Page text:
Judge Griffen filed a federal challenge to his recusal, naming the state supreme court and each of its justices as defendants. CCL represents the court, its chief justice, and two of the other justices. In response to motions to dismiss, federal judge Moody dismissed the Arkansas Supreme Court from the action, but permitted the case to continue against the individual justices. On behalf of all justices, CCL filed a petition for a writ of mandamus in the U.S. Court of Appeals for the Eighth Circuit. The Eighth Circuit ordered a response from Judge Griffen, and CCL filed a reply brief earlier this week.

     CCL also moved for a stay of discovery during the pendency of the mandamus petition. It was that motion Judge Moody granted Wednesday.

CCL Files Reply Brief in Support of Mandamus Petition

May 14th, 2018

      Today, CCL filed a reply brief on behalf of all justices of the Arkansas Supreme Court in support of their petition for a writ of mandamus in Griffen v. The Supreme Court of Arkansas. The case asserts that a trial judge's civil rights were violated by an order of recusal issued by the Supreme Court. CCL represents the Court and three of its justices.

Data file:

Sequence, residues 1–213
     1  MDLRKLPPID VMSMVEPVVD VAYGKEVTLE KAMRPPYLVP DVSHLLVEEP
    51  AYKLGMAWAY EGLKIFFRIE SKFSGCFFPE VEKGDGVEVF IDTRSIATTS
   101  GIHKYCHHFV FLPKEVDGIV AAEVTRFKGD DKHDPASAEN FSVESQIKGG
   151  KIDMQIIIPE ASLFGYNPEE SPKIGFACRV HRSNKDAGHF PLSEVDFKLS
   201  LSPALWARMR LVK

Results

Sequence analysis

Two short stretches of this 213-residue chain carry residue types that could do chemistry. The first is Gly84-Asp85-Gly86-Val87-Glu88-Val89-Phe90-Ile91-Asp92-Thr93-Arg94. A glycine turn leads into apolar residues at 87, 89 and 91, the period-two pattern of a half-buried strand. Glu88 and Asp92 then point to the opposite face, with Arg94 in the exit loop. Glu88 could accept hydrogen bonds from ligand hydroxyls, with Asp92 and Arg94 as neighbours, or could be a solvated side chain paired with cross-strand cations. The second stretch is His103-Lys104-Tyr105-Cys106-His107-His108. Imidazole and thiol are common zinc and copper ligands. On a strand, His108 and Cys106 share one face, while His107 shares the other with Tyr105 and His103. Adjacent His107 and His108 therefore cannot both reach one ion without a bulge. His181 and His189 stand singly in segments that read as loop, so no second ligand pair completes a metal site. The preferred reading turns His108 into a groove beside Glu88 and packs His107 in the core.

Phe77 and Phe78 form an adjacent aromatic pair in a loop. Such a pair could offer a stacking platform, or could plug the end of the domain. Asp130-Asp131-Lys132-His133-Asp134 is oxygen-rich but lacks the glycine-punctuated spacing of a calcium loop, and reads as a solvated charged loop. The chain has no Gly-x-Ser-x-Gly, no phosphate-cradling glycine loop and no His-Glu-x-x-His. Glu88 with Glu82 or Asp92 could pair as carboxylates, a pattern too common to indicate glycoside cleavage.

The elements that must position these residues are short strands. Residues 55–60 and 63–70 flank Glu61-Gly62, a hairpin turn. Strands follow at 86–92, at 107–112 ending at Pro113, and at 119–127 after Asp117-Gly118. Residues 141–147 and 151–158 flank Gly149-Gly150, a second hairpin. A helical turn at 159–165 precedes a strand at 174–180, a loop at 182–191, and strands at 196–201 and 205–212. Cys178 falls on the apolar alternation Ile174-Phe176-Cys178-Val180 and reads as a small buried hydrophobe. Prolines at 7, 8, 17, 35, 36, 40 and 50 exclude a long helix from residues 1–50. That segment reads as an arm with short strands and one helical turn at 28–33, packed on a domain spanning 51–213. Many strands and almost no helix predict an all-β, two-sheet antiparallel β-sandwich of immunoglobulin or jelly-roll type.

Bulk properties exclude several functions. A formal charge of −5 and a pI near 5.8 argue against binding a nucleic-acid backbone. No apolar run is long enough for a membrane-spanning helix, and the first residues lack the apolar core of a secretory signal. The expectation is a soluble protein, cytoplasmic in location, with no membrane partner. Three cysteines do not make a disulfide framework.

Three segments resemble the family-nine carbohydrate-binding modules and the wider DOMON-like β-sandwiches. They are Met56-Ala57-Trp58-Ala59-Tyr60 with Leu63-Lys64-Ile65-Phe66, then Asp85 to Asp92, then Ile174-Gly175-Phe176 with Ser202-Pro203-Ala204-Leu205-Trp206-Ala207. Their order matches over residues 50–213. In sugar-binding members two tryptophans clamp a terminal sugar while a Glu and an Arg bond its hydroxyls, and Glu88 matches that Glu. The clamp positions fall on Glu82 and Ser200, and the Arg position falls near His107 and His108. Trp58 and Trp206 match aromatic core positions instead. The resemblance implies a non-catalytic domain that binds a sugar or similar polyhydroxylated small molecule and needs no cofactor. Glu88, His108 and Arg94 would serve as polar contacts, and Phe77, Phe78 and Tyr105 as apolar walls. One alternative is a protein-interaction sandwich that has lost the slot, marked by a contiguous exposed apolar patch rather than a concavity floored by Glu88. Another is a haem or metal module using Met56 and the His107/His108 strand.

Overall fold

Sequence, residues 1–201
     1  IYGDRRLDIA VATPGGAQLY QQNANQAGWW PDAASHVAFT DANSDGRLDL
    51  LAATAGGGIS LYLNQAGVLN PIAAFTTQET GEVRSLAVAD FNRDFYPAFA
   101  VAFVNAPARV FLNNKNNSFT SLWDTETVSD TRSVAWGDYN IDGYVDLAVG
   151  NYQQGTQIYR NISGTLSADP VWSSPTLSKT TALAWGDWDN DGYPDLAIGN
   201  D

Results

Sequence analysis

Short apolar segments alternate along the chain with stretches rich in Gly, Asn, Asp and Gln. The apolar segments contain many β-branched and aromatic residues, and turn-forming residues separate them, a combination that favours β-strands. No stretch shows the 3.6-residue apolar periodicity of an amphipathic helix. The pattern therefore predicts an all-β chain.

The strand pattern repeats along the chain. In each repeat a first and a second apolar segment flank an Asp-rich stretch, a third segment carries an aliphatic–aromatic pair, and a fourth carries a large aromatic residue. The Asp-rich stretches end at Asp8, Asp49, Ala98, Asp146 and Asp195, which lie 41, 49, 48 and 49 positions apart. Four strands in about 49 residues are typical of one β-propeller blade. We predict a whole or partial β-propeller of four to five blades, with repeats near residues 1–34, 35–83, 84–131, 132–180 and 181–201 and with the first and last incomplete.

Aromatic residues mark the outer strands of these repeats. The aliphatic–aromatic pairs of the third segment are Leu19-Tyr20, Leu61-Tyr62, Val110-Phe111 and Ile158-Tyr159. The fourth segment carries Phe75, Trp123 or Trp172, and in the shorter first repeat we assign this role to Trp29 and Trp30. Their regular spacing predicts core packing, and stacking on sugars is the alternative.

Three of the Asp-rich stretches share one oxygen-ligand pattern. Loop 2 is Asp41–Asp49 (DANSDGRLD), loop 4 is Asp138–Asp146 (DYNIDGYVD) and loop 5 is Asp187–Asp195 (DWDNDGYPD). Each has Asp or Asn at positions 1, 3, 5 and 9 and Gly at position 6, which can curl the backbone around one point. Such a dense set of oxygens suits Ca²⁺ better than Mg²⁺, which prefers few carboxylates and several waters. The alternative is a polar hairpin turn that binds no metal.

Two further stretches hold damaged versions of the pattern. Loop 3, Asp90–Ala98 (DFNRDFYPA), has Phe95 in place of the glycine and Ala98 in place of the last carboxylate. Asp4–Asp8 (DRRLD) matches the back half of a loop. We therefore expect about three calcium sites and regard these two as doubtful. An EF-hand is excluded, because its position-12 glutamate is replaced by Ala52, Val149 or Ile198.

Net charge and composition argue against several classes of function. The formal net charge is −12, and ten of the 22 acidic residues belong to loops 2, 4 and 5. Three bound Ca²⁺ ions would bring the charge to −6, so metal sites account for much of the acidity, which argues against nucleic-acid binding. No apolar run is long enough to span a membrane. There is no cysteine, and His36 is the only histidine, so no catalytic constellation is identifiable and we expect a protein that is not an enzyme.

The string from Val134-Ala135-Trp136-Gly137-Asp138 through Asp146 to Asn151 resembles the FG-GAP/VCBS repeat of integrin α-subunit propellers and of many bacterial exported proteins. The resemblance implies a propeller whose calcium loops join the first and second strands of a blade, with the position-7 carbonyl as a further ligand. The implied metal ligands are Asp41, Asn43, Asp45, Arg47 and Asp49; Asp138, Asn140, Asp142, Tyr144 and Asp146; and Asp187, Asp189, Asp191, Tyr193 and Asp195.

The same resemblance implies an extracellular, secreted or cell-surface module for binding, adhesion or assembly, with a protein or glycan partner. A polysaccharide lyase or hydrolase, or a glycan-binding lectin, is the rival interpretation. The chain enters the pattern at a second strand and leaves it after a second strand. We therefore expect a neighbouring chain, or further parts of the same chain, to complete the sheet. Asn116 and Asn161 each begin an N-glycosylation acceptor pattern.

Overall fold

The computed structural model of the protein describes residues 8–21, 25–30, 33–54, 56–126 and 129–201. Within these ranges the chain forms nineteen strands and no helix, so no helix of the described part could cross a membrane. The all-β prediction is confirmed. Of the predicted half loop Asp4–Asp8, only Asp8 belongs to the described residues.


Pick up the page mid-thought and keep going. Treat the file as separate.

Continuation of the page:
The U.S. District Court dismissed the Arkansas Supreme Court from the action on CCL's motion, but maintained the lawsuit against the justices in their official capacity. A petition for a writ of mandamus was filed in the U.S. Court of Appeals for the Eighth Circuit, arguing that the case should not be permitted to go forward. In reply, the state trial judge argued that the recusal order amounted to an administrative personnel action against him, but today's brief demonstrated that the Supreme Court order had all the earmarkings of a judicial decision, immune from collateral attack in federal court and that recusal does not diminish or otherwise adversely affect a judge's office.

CCL Moves to Stay Discovery Pending Disposition of Mandamus Petition

May 2nd, 2018

     One day after the Eighth Circuit indicated interest in the Petition for a Writ of Mandamus on behalf of justices of the Arkansas Supreme Court, CCL, on behalf of the seven justice of that court, filed a motion to stay discovery pending resolution of the justices' petition. 

     The federal judge presiding in the case had previously granted a temporary stay while the justices' motion to dismiss was pending. The current motion seeks the same treatment.

Eighth Circuit Orders Response to Mandamus Petition

May 1st, 2018